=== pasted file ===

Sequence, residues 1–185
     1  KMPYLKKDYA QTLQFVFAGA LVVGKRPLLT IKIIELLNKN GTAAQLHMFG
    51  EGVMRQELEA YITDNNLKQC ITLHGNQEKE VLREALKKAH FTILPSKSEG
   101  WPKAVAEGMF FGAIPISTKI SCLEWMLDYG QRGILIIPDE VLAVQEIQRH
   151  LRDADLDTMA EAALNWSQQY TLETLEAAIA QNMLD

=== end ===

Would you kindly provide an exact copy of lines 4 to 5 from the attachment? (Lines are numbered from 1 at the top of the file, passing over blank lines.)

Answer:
   101  WPKAVAEGMF FGAIPISTKI SCLEWMLDYG QRGILIIPDE VLAVQEIQRH
   151  LRDADLDTMA EAALNWSQQY TLETLEAAIA QNMLD